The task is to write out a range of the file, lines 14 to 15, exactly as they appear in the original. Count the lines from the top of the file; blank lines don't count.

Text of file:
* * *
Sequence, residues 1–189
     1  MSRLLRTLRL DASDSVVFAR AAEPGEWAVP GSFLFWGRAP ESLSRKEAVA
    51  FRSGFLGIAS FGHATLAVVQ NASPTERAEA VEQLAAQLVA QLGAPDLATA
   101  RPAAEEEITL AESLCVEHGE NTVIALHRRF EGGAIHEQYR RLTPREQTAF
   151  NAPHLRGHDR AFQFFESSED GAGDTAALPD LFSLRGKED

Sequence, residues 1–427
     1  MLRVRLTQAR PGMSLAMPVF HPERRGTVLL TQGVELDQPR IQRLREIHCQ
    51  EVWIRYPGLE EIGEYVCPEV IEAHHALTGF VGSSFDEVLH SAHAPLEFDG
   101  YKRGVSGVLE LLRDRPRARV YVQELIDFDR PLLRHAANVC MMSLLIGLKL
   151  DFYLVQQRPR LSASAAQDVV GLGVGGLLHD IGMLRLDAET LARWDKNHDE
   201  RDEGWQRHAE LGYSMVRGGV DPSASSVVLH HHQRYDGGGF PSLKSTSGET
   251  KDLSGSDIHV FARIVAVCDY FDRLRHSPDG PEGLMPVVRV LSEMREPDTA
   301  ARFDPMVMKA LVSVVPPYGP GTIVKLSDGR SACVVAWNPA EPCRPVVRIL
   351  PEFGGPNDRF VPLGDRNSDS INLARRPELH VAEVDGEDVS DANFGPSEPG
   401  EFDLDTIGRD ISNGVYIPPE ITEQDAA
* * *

   351  PEFGGPNDRF VPLGDRNSDS INLARRPELH VAEVDGEDVS DANFGPSEPG
   401  EFDLDTIGRD ISNGVYIPPE ITEQDAA